Yesterday, Governor Gavin Newsom announced a comprehensive review of San Francisco's housing policy, detailing patterns that have caused costly building delays in the city over the past decades. The consequent barriers and high construction costs have intensified the city's unmet housing needs. To alleviate its affordability and overcrowding issues, the city needs to construct over 82,000 residences including 5,800 affordable houses by 2031, per the California Department of Housing & Community Development.
HCD provides SF with the steps it must take to remove these barriers and meet the housing needs of its residents at all income levels. These needed actions are data-driven, based on UC Berkeley academic research. pic.twitter.com/YTvKGURxea— California HCD (@California_HCD) October 25, 2023
The issues with San Francisco's housing approval process were previously highlighted in research by the UC Berkeley Institute of Urban and Regional Development. In response, California's Department of Housing and Community Development's (HCD) Housing Accountability Unit (HAU), started working with UC Berkeley last year on a thorough analysis. This collaboration resulted in a Housing Policy and Practice Review, offering a detailed plan and required actions to ameliorate San Francisco's housing crisis.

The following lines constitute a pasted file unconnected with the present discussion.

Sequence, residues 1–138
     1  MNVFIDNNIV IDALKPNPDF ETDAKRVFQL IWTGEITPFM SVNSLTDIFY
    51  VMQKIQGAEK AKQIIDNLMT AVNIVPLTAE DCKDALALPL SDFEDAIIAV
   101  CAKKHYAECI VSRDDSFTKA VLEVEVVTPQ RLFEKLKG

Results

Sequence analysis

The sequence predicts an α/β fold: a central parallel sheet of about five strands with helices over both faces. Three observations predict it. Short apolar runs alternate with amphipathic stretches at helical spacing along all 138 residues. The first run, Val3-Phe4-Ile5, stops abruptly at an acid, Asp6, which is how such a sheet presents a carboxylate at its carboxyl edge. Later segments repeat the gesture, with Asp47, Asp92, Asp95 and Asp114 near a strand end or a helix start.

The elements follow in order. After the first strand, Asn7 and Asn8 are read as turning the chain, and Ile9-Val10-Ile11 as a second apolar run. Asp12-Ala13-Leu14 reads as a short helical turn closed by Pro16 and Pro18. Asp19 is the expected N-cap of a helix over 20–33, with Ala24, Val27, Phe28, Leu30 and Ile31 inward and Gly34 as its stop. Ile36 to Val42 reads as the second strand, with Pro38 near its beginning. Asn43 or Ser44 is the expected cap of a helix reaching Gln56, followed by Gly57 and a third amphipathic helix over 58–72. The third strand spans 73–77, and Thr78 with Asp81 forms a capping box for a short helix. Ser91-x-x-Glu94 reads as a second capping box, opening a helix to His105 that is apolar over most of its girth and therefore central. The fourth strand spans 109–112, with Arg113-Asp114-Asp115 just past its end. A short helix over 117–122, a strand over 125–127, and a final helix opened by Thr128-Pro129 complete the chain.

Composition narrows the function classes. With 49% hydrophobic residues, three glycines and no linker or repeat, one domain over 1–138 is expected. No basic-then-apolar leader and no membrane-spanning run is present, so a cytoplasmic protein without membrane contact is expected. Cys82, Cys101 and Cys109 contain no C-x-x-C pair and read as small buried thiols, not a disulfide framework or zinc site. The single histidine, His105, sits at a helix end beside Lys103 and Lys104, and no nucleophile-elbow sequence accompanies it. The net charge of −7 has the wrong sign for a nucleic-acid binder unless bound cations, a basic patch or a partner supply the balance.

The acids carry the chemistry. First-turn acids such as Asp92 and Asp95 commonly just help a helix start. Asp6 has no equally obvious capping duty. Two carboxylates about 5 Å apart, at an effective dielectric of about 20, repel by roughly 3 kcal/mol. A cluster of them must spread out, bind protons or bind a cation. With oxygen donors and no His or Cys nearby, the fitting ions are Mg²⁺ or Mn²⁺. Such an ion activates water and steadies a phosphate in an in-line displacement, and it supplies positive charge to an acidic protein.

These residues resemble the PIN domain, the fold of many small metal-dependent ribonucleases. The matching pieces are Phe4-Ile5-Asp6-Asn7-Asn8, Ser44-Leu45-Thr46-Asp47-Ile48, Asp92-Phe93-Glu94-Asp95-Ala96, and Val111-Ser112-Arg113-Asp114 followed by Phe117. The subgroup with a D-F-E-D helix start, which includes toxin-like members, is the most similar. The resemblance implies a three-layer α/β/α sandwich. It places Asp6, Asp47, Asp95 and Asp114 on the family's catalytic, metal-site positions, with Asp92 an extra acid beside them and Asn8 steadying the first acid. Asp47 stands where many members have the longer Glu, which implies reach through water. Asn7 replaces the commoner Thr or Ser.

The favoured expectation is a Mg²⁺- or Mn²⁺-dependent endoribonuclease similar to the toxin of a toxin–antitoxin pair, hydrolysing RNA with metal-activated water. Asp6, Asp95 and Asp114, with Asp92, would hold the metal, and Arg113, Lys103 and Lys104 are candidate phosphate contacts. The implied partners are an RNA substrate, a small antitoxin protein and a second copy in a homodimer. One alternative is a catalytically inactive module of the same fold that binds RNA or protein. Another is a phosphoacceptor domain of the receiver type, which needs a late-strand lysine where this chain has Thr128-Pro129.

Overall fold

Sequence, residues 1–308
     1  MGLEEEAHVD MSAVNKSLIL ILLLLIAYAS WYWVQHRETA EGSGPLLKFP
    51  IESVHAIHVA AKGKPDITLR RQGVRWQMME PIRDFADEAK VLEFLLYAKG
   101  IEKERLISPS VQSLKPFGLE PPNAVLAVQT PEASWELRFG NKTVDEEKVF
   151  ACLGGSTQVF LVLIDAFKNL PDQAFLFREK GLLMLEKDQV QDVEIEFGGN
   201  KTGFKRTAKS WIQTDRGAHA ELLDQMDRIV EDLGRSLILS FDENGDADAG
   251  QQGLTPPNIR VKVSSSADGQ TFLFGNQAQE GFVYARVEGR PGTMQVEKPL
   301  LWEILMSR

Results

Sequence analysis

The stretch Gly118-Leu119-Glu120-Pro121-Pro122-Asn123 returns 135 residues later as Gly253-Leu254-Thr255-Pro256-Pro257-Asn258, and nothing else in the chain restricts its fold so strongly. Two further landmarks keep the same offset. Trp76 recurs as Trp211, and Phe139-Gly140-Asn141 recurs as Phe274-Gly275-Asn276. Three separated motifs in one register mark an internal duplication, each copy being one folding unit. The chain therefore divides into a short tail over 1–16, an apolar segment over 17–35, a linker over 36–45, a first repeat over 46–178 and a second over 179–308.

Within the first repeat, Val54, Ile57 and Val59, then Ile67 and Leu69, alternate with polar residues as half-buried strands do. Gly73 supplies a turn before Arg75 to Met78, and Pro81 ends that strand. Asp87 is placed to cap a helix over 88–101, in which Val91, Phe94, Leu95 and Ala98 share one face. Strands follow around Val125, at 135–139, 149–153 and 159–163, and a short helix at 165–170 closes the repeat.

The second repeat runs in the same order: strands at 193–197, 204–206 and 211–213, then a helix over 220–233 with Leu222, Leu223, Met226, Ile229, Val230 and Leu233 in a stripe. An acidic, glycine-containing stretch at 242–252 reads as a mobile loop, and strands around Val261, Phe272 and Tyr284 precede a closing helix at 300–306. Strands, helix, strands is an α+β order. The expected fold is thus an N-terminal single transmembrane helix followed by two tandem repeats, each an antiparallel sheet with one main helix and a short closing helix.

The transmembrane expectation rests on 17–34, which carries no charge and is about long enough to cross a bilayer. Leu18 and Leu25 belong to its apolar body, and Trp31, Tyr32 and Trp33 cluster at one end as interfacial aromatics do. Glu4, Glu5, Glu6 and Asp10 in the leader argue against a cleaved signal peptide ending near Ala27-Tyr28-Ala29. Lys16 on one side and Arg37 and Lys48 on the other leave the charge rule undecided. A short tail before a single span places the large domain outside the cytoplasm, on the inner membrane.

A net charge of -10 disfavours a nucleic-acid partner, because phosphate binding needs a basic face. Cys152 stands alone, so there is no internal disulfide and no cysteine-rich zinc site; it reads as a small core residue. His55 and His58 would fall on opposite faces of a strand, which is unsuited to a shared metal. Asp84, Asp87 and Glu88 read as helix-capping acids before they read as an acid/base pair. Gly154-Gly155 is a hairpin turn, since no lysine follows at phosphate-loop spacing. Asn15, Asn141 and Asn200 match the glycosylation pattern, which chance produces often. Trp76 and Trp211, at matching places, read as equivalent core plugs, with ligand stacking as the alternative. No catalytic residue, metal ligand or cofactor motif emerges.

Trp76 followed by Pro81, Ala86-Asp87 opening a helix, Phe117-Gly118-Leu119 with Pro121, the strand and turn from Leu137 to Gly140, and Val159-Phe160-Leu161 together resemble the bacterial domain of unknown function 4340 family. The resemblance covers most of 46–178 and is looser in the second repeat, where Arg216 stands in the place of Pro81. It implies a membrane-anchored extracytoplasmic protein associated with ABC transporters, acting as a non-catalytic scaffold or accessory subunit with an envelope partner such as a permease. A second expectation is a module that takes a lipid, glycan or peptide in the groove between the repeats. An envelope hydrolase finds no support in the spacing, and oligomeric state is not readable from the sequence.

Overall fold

According to Moira O'Neill, an Associate Research Scientist at UC Berkeley's Institute for Urban and Regional Development, the review is notable for its data-driven approach. By identifying decision-making patterns hindering housing progress, actionable strategies that align to swiftly improve the housing situation, with state requirements can be effectively implemented.
The Housing Policy and Practice Review details 18 mandatory actions with respective timeframes and an additional 10 suggested actions to aid in streamlining San Francisco's housing development. Key areas of focus include eliminating subjectivity in the planning review process, restructuring local CEQA practices, overhauling the local administrative appeals process, fast-tracking the post-entitlement permitting process, and enhancing transparency in housing approvals.
Governor Newsom indicated that city leaders will work with the state to enact these reforms, with to objective of aligning the city with state housing law and enabling a new era of affordable, plentiful housing, and new opportunities for low-income families.
Besides, under Governor Newsom's administration, over $30 billion has been invested to tackle the statewide affordable housing crisis. Numerous CEQA reforms have been implemented, and the HAU was formed to make cities and counties accountable for fair housing planning and permissions. These initiatives led to a 15-year high in California housing starts.